I've found writing code like this can be either very elegant, or very confusing. This situation gets amplified (for better or worse) once you start using the eventnet.net module, which works well for simple IPC, though I do not know how safe it is.
I am curious, how exactly are you planning to use an event dispatcher in SQLObject, and what problems will it help solve?
How is this simpler:eventnet.driver.post('my_event', arg1=something, arg2=something_else)
Than this:dispatcher.send('my_event', arg1=something, arg2=something_else)
Or listening with:dispatcher.connect(my_event_handler, 'my_event')
It's not a decorator, but that would be very easy to implement. PyDispatcher also has has the concept of "sender", which I find useful, as I'm actually expecting to listen to events on a per-class basis (and SQLObject classes are the senders).
The events I'm proposing are listed in sqlobject.events in the repository -- it could quickly become a core part of how basic concepts like joins and columns are implemented. E.g., a column with a cascade=True setting would listen for a delete event.
PyDispatcher doesn't really apply to the JSON code, so that's not an option. The name conflict doesn't help, because you simply can't have two distributions loaded with the same top-level name (except maybe with the technique PJE mentioned, though that requires repackaging the libraries, at which point I could just rename the package).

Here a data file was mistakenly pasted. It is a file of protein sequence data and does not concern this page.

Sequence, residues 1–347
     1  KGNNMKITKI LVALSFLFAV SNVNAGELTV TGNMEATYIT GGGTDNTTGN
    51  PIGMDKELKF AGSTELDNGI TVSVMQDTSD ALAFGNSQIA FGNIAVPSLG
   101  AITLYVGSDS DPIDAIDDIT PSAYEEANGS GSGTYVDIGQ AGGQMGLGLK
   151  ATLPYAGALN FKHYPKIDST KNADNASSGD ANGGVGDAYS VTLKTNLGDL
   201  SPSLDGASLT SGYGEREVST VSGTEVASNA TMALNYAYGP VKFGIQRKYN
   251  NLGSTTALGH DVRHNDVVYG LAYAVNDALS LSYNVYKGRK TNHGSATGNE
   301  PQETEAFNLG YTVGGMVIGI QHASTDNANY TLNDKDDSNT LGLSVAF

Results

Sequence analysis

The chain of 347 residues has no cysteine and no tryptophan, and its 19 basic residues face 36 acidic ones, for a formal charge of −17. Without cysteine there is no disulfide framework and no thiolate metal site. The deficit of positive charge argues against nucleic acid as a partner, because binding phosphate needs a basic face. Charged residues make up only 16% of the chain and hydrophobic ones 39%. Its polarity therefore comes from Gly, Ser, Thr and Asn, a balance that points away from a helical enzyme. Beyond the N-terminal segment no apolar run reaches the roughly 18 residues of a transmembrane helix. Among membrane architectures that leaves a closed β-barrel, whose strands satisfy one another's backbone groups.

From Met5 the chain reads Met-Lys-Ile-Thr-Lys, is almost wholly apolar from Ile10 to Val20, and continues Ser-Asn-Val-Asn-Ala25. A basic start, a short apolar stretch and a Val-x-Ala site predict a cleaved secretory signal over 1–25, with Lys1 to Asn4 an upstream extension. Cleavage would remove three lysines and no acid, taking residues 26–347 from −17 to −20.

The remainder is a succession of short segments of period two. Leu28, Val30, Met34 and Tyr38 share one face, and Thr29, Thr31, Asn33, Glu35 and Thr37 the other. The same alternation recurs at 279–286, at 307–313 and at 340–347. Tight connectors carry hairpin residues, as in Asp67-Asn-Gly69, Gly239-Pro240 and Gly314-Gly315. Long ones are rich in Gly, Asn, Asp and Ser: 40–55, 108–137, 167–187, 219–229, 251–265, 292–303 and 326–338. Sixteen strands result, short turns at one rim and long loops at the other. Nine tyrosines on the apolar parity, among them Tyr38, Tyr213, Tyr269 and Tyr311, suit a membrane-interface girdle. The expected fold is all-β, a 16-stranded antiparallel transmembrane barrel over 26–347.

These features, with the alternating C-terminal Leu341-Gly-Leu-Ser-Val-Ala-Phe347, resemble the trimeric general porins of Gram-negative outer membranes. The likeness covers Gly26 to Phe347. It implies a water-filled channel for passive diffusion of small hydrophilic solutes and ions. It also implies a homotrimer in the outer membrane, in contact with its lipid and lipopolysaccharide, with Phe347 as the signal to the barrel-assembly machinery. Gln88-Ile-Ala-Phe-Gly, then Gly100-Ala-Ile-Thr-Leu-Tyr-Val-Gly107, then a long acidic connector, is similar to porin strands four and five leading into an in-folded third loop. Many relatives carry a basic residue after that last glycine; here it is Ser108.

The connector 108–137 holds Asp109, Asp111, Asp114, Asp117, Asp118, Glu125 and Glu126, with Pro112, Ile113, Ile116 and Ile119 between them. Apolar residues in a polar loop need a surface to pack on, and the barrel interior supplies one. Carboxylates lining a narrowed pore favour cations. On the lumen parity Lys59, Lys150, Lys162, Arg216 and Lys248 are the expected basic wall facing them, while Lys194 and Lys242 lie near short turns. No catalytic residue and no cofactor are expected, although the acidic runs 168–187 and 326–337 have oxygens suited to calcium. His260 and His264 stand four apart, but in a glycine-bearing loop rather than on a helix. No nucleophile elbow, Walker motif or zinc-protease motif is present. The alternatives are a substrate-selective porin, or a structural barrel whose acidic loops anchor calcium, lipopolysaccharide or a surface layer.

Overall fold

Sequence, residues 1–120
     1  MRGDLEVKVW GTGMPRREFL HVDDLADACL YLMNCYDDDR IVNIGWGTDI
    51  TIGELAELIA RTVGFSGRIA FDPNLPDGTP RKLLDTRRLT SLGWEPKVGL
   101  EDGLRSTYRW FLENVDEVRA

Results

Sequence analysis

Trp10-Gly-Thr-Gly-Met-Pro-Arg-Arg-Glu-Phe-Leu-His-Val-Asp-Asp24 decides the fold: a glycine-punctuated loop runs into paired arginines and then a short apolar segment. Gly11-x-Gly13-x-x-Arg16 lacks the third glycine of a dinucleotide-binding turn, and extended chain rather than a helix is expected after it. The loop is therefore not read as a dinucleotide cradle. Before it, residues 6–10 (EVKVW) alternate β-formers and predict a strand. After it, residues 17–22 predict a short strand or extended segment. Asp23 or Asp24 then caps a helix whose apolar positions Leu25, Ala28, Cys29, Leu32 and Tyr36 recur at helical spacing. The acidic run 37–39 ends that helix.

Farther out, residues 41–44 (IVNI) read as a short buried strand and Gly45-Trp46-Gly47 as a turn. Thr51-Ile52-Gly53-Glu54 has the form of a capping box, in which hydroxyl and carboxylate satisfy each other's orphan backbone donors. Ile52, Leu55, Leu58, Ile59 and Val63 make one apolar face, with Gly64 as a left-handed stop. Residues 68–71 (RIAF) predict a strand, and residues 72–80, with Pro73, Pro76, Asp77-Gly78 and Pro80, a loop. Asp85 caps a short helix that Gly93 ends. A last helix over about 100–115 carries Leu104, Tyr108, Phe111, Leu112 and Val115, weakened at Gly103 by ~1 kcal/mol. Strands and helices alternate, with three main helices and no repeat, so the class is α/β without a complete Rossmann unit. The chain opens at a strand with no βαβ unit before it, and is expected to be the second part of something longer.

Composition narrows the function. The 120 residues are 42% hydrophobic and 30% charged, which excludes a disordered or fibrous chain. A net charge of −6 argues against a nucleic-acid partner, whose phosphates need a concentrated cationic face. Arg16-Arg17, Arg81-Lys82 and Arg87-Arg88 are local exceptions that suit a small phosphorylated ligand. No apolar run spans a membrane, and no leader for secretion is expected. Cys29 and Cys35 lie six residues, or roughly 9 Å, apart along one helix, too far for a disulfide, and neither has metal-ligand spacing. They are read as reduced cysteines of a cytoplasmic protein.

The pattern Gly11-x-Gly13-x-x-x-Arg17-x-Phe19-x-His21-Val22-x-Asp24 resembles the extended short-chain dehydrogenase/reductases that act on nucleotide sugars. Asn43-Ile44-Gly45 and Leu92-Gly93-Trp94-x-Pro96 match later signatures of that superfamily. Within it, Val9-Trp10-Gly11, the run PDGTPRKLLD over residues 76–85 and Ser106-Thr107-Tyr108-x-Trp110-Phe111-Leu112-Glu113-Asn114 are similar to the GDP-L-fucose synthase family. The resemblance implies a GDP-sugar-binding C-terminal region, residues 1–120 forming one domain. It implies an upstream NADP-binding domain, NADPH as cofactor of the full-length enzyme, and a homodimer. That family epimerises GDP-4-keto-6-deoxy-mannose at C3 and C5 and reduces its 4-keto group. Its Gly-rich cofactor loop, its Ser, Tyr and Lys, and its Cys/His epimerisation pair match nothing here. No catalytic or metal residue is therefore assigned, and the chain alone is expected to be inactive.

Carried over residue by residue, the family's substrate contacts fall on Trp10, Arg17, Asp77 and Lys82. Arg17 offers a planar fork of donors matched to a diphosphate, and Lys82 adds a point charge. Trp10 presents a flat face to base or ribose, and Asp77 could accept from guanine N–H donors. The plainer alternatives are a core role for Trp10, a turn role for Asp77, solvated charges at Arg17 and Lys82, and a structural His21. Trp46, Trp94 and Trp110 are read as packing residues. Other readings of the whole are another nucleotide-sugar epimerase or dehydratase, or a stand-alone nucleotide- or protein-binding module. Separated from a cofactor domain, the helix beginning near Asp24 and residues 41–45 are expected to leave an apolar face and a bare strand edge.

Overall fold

Well, I was suggesting that if enough people asked for it, then the authors of the respective packages (i.e., me and Patrick O'Brien) would probably be willing to include that code for compatibility's sake.
Patrick doesn't do much with PyDispatcher these days AFAIK, but I'd certainly be willing to incorporate changes that would let the two packages coexist. Heck, if I recall correctly from our earlier discussion the two packages can actually be dumped into the same directory and both continue to function as expected.
Hmm, should have finished reading the whole comment thread. Apparently Patrick is all over it :) .